Choosing paint colors, managing your budget, and communicating with your contractor: Navigating a home remodeling project is an exercise in patience. Safety is one factor that’s often overlooked. Here’s how to keep your house safe for your family and construction workers while the project is underway.
Safety isn’t anything to take for granted. The list of accidents that happen at home building and remodeling sites can be frightening. According to reports listed at the Occupational Safety and Health Administration, the most frequent mishaps include: . workers falling from ladders and roofs, injuries from equipment and flying debris, broken bones from collapsing walls or floors– and the list goes on.
Keeping your family safe while your home is being remodeled involves two tactics:
- Choosing a contractor with a strong record of safety and accountability
- Working closely with that contractor to ensure proper safety precautions are taken during the project.
Most builders will hand you a few referrals from prior customers, but it’s smart to validate their claims independently. The Maine attorney general’s office recommends reviewing the code history of the last five projects completed by that contractor in your town. Don’t just take your neighbor’s word for it.
Look for evidence that the contractor gets projects approved by the local buildings department at each required stage, including the final sign off – the occupancy permit. Without the occupancy permit, the work is not officially finished, which can cause legal problems down the road.
The attorney general’s office of most states compiles and pursues complaints about home building project safety violations. The website of your state’s attorney general is the first place to check for complaints, lawsuits and scams.
The more specific you can be in the contract, the better. The Illinois Attorney General’s office, for instance, warns that “if the company won’t put its promises in writing, look for a company that will.”
Run a check through the county court system to see the contractor’s legal history. One thing to look out for: that the contractor’s company has been in business for as long as the contractor has. If the contractor claims to have 20 years of experience but has started and closed several companies over that time, he might be using legal tactics to avoid paying bills and/or subcontractors and to avoid responsibilities to customers.
Make sure the remodeling contract includes the entire scope of work, in specific terms. Don’t accept general descriptions of the work to be done such as, “replace porch.” Instead, spell out the specifics of the work, the quality of materials and the contractor’s obligation to comply with all insurance company, state and local safety regulations in the process.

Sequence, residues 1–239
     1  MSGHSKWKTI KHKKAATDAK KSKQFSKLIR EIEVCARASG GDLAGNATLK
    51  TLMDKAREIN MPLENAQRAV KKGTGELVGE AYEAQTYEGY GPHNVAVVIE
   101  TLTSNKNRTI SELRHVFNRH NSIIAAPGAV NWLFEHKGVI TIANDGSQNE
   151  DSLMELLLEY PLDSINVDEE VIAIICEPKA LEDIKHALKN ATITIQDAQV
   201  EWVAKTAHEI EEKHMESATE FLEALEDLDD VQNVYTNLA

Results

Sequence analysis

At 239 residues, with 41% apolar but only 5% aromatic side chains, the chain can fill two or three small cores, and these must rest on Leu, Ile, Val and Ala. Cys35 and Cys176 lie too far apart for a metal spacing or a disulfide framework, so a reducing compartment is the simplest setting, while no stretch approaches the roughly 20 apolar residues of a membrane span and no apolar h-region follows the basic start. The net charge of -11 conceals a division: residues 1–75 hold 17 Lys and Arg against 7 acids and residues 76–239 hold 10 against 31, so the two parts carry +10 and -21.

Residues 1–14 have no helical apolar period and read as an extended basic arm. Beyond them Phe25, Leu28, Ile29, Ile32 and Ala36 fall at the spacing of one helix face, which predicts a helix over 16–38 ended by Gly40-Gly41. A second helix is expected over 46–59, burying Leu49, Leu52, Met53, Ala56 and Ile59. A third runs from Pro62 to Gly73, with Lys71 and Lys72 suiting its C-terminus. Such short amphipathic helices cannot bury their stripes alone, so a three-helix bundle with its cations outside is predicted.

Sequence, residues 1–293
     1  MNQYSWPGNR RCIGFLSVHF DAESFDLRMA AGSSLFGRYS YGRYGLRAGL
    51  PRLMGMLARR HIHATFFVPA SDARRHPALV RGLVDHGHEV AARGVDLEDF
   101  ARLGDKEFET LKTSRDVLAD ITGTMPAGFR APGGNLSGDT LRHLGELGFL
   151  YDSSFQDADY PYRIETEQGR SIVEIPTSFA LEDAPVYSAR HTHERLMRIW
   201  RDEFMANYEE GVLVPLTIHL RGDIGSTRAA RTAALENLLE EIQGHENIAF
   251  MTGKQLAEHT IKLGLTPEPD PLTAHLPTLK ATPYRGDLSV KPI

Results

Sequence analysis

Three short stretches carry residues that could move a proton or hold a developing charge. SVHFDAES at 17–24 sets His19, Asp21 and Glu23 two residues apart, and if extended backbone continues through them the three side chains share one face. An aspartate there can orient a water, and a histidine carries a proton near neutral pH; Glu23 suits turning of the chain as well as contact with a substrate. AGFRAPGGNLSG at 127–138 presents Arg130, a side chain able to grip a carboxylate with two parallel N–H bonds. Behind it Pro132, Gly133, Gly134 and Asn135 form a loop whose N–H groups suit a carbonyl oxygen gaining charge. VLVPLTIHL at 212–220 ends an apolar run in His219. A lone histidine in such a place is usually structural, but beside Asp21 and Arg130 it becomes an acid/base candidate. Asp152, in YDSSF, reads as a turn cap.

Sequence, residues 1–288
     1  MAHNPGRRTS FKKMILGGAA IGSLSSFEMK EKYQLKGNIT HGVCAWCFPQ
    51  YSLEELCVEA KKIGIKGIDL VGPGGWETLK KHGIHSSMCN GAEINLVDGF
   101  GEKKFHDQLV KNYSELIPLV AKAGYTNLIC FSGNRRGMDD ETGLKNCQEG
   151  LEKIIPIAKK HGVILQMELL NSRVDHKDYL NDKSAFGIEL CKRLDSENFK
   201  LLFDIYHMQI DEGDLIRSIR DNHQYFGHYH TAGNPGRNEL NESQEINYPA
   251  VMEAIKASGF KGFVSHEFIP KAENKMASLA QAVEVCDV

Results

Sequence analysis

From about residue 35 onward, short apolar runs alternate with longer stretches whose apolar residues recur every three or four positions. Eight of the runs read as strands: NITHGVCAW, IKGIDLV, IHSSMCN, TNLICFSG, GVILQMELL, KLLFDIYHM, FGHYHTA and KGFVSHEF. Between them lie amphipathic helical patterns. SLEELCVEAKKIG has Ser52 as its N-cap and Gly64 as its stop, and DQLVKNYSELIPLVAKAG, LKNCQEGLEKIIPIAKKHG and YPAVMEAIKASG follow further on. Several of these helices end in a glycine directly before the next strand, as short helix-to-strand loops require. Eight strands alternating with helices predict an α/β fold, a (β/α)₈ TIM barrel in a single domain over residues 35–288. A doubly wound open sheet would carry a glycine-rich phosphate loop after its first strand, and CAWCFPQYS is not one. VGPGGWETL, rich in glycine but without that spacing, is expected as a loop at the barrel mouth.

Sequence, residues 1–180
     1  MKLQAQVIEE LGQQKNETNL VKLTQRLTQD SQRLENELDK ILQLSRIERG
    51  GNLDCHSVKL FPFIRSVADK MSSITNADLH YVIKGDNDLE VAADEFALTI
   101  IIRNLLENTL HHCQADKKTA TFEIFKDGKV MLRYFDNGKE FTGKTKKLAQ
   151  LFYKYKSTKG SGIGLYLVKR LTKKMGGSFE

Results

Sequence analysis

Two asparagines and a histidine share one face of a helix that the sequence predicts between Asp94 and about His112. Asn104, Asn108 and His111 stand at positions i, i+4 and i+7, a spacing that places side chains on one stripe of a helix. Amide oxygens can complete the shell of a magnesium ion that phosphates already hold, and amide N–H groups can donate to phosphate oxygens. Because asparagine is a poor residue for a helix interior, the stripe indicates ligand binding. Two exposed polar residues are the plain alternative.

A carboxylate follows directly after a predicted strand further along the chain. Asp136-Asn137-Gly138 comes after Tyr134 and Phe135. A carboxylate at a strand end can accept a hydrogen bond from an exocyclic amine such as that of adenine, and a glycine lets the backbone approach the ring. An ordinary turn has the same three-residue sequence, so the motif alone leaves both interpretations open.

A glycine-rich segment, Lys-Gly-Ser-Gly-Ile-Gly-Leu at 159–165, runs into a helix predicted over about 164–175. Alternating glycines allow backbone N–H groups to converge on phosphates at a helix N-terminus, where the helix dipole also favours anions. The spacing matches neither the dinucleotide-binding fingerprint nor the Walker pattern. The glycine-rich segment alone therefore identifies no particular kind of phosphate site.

Ask for a current copy of the contractor’s liability insurance. The policy should cover personal liability, property damage and worker’s compensation for both the general contractor and for all subcontractors.
Get and keep a copy of the contractor’s proof of insurance. A smart place to store this is with your mortgage and other title documents. If a contractor puts a lien on your property stemming from an injury that occurred during a project, it will likely appear on a title search when you try to sell your house. Proof of the contractor’s insurance will be invaluable evidence as you clear the title.
Be sure to check with your own property insurance company to see what construction-related accidents are and aren’t covered in your existing policy. You might have to consider a rider that covers just the upcoming project. Once the project is complete, you should review your coverage with your insurance company to be sure it is still adequate.
Collaborate on safety
Once you’ve found a reliable contractor, talk about safety early and often, recommends David Pekel, president of Pekel Construction and Remodeling Inc. in Wauwatosa, Wisc., a Milwaukee suburb, and secretary of the National Association of the Remodeling Industry.
The most important rule is to draw a “safety zone” around the job site, not allowing children, pets, neighbors, family or friends to step into that zone. Equipment is the most obvious hazard, but you will want to be cognizant of the danger that stems from toxic materials getting stirred up, such as lead from plumbing or sanding. These can be transferred to other parts of the house when family and pets walk back and forth through the construction zone.
Pekel says it’s best to create new family traffic patterns in advance – including emergency exit routes – so household routines are re-routed around the safety zone. Professionals are familiar with navigating construction sites, but most families aren’t as cognizant of the potential dangers, he adds. Close collaboration about how and when to enter the work zone can ensure safety for all.
Remodeling is stressful at best. Plotting safety tactics in advance and coaching family members to respect the construction zone can be a positive strategy for coping with the daily chaos – and helps ensure that your contractors can translate your vision for your house to reality.